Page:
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      Novel NCCT Gene Mutations as a Cause of Gitelman’s Syndrome and a Systematic Review of Mutant and Polymorphic NCCT Alleles

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          Background: Gitelman’s syndrome (GS) is characterized by hypokalemic metabolic alkalosis, hypomagnesemia and hypocalciuria and these phenotypic features have been shown to be attributable to mutations in the gene encoding the thiazide-sensitive Na/Cl cotransporter (NCCT). Until now, 55 different mutations have been reported and most of the families affected with GS exhibit autosomal recessive inheritance. Methods: All 26 exons of the human NCCT  gene were investigated in 2 German NCCT-deficient patients and their families. Mutation detection was performed by either direct automated sequencing of polymerase chain reaction (PCR)-amplified DNA products or by sequence analysis of cloned PCR products. Results: In a 47-year-old German GS female a novel non-conservative missense mutation (S314F) and a complex deletion/insertion in the NCCT gene were found to be associated with the disorder. A further novel non-conservative substitution (S402F) together with a frequently observed R209W exchange were found in a 19-year-old German GS female. Conclusions: The observation of a compound heterozygote state in both females affected and the absence of a GS phenotype in their relatives carrying a single mutant allele is consistent with an autosomal recessive pattern of inheritance.

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          Hyperplasia of the juxtaglomerular complex with hyperaldosteronism and hypokalemic alkalosis

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            Novel mutations in the thiazide-sensitive NaCl cotransporter gene in patients with Gitelman syndrome with predominant localization to the C-terminal domain.

            Gitelman syndrome (familial hypokalemia-hypomagnesemia syndrome) is an autosomal recessive inherited renal disorder characterized by defective tubular reabsorption of magnesium and potassium. In this study a group of 18 unrelated and 2 related Gitelman patients, collected from six different countries have been screened for mutations in the human thiazide-sensitive sodium-chloride cotransporter (SLC12A3) gene. Fourteen novel SLC12A3 mutations are presented along with six mutations described earlier, and three neutral polymorphisms. Among the tested patients are two who carry a total of three heterozygous SLC12A3 mutations. Two-thirds of the total number of mutant SLC12A3 alleles are amino acid substitutions. Most SLC12A3 gene mutations, 14 out of a total of 20, are localized at the intracellular carboxy-terminal domain of the NCCT protein. The pathogenicity of individual SLC12A3 mutations is based upon their predicted effect on SLC12A3 protein, and segregation in family members. Evolutionary conservation of substituted amino acid residues and their frequency in control chromosomes is presented. Identical mutations have been found in Gitelman families from different geographical origin, suggesting ancient mutations originating from a common ancestor. As yet, we have not found any evidence for a possible genotype-phenotype correlation.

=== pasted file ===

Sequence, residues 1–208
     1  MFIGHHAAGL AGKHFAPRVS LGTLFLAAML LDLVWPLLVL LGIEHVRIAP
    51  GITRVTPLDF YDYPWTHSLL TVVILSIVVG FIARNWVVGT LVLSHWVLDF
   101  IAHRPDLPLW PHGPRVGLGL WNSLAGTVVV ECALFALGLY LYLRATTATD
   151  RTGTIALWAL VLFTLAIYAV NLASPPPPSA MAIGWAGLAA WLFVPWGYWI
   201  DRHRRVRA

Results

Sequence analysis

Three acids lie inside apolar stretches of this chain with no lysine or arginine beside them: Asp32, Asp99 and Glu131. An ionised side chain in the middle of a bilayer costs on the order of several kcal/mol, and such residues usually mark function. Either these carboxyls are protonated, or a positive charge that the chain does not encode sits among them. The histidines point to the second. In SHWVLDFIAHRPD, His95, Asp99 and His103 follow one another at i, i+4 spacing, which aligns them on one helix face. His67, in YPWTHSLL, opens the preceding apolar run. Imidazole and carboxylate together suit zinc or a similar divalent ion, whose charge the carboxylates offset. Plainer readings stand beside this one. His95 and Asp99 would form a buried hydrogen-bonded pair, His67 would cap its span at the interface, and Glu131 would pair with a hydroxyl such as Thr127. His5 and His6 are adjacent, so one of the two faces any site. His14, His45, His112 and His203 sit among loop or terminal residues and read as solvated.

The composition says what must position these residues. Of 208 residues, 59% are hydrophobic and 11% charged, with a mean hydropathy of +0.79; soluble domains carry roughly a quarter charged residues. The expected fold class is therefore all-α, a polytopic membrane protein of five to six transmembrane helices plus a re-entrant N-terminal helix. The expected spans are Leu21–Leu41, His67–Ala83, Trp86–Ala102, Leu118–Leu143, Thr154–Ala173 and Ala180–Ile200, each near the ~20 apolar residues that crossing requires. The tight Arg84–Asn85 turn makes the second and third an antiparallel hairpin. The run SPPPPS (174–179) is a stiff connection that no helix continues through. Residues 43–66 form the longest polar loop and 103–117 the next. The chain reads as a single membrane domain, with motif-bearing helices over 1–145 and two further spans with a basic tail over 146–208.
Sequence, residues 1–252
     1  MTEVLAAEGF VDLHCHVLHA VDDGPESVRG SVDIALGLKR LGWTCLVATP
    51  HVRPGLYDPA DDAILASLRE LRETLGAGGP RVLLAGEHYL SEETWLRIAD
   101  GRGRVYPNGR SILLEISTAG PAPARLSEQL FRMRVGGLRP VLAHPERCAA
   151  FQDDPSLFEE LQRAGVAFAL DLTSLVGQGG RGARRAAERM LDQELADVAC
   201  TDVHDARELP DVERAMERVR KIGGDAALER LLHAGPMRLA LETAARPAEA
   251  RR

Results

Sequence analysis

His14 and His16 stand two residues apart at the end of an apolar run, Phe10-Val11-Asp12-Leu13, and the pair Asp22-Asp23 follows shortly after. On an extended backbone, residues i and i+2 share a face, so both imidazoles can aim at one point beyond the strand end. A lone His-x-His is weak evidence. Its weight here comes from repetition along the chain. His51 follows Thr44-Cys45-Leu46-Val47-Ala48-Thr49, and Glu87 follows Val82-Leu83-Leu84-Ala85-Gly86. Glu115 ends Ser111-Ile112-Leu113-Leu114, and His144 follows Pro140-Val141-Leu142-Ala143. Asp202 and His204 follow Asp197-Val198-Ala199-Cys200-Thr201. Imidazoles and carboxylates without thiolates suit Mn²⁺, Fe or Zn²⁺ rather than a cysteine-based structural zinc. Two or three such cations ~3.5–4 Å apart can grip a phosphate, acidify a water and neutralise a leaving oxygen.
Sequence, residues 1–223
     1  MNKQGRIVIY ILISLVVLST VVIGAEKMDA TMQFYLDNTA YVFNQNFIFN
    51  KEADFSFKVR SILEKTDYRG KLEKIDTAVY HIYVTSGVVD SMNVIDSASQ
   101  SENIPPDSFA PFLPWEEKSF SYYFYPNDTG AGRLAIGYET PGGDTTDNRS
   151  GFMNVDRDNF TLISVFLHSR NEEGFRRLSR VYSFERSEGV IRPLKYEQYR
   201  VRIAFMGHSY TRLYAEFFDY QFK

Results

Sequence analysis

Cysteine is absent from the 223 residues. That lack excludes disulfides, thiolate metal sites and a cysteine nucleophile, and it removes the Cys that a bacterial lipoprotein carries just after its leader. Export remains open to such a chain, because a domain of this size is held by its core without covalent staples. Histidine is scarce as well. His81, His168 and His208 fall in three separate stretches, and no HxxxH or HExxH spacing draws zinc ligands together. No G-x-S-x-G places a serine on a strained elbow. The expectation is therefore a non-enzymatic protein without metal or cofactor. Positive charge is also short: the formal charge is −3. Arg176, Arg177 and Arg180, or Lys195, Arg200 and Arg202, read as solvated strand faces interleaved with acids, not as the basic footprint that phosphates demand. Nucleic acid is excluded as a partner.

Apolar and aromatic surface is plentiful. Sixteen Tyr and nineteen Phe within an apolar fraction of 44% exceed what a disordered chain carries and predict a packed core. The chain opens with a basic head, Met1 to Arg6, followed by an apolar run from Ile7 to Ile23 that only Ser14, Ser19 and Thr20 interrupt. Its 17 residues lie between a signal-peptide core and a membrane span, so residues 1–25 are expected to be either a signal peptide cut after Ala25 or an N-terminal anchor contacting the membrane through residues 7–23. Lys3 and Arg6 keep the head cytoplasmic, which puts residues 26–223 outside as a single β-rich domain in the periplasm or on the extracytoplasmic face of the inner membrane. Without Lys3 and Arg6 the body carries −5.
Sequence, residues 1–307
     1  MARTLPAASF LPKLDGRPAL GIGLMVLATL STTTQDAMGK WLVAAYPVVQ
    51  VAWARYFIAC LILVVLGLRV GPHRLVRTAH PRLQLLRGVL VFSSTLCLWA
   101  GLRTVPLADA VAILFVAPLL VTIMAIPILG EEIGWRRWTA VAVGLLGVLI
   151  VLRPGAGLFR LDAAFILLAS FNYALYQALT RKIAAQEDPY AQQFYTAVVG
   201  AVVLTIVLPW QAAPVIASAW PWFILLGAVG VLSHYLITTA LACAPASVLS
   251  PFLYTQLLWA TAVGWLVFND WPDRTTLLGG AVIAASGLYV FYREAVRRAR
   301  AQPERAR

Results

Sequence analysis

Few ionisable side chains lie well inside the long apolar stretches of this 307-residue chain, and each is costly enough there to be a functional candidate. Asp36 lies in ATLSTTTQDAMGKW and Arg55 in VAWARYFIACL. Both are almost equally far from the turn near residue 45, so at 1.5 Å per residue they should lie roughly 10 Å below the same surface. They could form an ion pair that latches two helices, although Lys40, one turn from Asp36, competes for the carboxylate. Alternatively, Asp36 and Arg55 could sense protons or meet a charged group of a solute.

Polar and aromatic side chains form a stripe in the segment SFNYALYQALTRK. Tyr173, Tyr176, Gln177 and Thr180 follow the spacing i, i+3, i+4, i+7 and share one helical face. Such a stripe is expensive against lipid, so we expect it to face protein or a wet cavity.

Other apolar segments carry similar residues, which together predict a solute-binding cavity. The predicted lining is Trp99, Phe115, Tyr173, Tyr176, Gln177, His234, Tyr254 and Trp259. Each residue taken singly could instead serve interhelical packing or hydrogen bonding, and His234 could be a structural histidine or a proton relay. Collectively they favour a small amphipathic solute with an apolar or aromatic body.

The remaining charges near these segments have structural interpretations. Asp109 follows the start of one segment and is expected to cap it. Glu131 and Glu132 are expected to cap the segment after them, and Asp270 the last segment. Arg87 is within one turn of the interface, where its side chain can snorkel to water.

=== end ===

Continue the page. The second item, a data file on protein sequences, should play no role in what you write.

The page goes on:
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              Molecular cloning, expression pattern, and chromosomal localization of the human Na-Cl thiazide-sensitive cotransporter (SLC12A3).

              Electrolyte homeostasis is maintained by several ion transport systems. Na-(K)-Cl cotransporters promote the electrically silent movement of chloride across the membrane in absorptive and secretory epithelia. Two kidney-specific Na-(K)-Cl cotransporter isoforms are known, so far, according to their sensitivity to specific inhibitors. We have cloned the human cDNA coding for the renal Na-Cl cotransporter selectively inhibited by the thiazide class of diuretic agents. The predicted protein sequence of 1021 amino acids (112 kDa) shows a structure common to the other members of the Na-(K)-Cl cotransporter family: a central region harboring 12 transmembrane domains and the 2 intracellular hydrophilic amino and carboxyl termini. The expression pattern of the human Na-Cl thiazide-sensitive cotransporter (hTSC, HGMW-approved symbol SLC12A3) confirms the kidney specificity. hTSC has been mapped to human chromosome 16q13 by fluorescence in situ hybridization. The cloning and characterization of hTSC now render it possible to study the involvement of this cotransport system in the pathogenesis of tubulopathies such as Gitelman syndrome.

                Author and article information

                Kidney Blood Press Res
                Kidney and Blood Pressure Research
                S. Karger AG
                26 February 2003
                : 25
                : 6
                : 354-362
                Departments of aClinical Biochemistry and bMedicine, Medizinische Poliklinik, Division of Nephrology, and cChildren’s Hospital Medical Center, University of Bonn, Germany
                68695 Kidney Blood Press Res 2002;25:354–362
                © 2002 S. Karger AG, Basel

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                Figures: 3, Tables: 2, References: 23, Pages: 9
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